Calls an external routine without any return code.

Category: External Routines


Required Argument


is the name of the external module to use.

Optional Arguments


is an optional control string whose first character must be an asterisk (*), followed by any combination of the following characters:

I prints the hexadecimal representations of all arguments to the CALL MODULE routine. You can use this option to help diagnose problems caused by incorrect arguments or attribute tables. If you specify the I option, the E option is implied.
E prints detailed error messages. Without the E option (or the I option, which supersedes it), the only error message that the CALL MODULE routine generates is “Invalid argument to function,” which is usually not enough information to determine the cause of the error. The E option is useful for a production environment, while the I option is preferable for a development or debugging environment.
H provides brief help information about the syntax of the CALL MODULE routine, the attribute file format, and suggested SAS formats and informats.


is one or more arguments to pass to the requested routine.

Use the correct arguments and attributes.
If you use incorrect arguments or attributes, you can cause the SAS System, and possibly your operating system, to fail.


The CALL MODULE routine executes a routine module-name that resides in an external library with the specified arguments.
CALL MODULE builds a parameter list using the information in the arguments and a routine description and argument attribute table that you define in a separate file. The attribute table is a sequential text file that contains descriptions of the routines that you can invoke with the CALL MODULE routine. The purpose of the table is to define how CALL MODULE should interpret its supplied arguments when it builds a parameter list to pass to the external routine. The attribute table should contain a description for each external routine that you intend to call, and descriptions of each argument associated with that routine.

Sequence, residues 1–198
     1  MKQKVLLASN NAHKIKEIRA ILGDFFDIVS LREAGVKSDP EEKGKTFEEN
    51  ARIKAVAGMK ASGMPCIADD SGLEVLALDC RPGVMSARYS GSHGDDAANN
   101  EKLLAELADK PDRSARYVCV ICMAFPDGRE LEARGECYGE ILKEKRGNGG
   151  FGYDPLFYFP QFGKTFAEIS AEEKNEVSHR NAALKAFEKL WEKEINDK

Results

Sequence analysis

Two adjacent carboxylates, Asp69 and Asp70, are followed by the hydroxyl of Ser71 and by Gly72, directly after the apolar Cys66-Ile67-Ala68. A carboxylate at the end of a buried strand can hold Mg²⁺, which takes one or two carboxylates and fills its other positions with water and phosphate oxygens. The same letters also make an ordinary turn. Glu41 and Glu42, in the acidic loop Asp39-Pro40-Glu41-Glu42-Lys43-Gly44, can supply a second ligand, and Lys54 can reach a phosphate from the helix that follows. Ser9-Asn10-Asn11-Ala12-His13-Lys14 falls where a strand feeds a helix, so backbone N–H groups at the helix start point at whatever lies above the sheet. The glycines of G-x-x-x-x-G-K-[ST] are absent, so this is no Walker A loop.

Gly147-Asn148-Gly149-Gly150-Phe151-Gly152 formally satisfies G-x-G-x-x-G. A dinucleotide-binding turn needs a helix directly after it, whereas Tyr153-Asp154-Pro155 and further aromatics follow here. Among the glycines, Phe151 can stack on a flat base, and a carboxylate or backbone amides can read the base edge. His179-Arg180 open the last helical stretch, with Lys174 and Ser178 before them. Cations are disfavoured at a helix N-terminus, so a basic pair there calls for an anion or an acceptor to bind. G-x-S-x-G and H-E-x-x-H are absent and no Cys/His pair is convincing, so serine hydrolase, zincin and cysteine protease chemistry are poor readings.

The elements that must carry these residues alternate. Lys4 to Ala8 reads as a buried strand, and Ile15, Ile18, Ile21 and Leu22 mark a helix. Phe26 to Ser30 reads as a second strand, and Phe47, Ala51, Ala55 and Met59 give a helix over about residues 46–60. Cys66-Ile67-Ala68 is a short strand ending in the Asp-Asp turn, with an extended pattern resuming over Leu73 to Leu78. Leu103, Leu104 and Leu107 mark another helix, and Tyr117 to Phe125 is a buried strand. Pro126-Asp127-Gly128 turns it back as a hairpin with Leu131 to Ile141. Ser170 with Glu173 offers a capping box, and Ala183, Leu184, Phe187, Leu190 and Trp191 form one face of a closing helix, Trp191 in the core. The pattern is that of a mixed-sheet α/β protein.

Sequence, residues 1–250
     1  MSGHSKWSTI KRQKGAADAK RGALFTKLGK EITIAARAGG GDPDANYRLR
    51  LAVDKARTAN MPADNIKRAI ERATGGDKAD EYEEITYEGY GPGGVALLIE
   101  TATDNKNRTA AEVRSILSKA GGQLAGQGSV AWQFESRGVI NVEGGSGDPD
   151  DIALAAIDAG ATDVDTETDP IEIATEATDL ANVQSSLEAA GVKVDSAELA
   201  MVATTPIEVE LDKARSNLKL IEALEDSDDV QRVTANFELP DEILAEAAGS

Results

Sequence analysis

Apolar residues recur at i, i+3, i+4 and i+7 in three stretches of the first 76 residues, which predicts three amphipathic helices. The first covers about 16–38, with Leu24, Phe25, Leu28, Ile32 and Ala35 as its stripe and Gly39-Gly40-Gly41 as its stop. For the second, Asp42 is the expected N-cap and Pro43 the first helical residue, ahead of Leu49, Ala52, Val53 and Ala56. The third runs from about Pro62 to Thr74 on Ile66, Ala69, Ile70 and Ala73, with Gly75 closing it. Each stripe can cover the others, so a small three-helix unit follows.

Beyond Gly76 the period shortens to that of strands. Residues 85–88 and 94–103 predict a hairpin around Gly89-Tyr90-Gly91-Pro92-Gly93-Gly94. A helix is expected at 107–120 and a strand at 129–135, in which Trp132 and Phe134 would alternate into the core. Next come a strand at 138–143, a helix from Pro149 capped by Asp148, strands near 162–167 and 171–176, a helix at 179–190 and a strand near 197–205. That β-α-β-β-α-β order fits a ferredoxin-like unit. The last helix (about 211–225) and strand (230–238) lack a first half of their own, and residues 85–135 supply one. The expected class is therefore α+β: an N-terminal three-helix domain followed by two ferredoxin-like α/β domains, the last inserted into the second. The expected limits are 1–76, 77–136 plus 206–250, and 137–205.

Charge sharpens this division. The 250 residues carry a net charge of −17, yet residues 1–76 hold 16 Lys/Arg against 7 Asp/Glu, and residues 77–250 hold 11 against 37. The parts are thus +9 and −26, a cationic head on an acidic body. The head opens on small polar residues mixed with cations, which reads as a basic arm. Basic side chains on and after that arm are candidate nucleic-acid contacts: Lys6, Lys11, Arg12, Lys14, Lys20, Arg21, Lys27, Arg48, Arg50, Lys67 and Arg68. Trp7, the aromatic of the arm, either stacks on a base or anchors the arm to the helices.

Before you invoke CALL MODULE, you must define the fileref of SASCBTBL to point to the external file that contains the attribute table. You can name the file whatever you want when you create it. This way, you can use SAS variables and formats as arguments to CALL MODULE and ensure that these arguments are properly converted before being passed to the external routine. If you do not define this fileref, CALL MODULE calls the requested routine without altering the arguments.
Using the CALL MODULE routine without a defined attribute table can cause the SAS System to fail or force you to reset your computer.
You need to use an attribute table for all external functions that you want to invoke.


The two CALL routines and four functions share identical syntax:
  • The MODULEN and MODULEC functions return a number and a character, respectively, while the routine CALL MODULE does not return a value.
  • The CALL MODULEI routine and the functions MODULEIC and MODULEIN permit vector and matrix arguments. Their return values are scalar. You can invoke CALL MODULEI, MODULEIC, and MODULEIN only from the IML procedure.


Example 1: Using the CALL MODULE Routine

This example calls the xyz routine. Use the following attribute table:
routine xyz minarg=2 maxarg=2;
arg 1 input num byvalue format=ib4.;
arg 2 output char format=$char10.;
The following is the sample SAS code that calls the xyz function:
data _null_;
   call module('xyz',1,x);

Example 2: Using the MODULEIN Function in the IML Procedure

This example invokes the changi routine from the TRYMOD.DLL module on a Windows platform. Use the following attribute table:
routine changi module=trymod returns=long;
arg 1 input num format=ib4. byvalue;
arg 2 update num format=ib4.;
The following PROC IML code calls the changi function:
proc iml;
   do i=1 to 4;
      do j=1 to 5;

Example 3: Using the MODULEN Function

This example calls the Beep routine, which is part of the Win32 API in the KERNEL32 Dynamic Link Library on a Windows platform. Use the following attribute table:
routine Beep
arg 1 num format=pib4.;
arg 2 num format=pib4.;
Assume that you name the attribute table file 'myatttbl.dat'. The following is the sample SAS code that calls the Beep function:
filename sascbtbl 'myatttbl.dat';
data _null_;
The previous code causes the computer speaker to beep.

See Also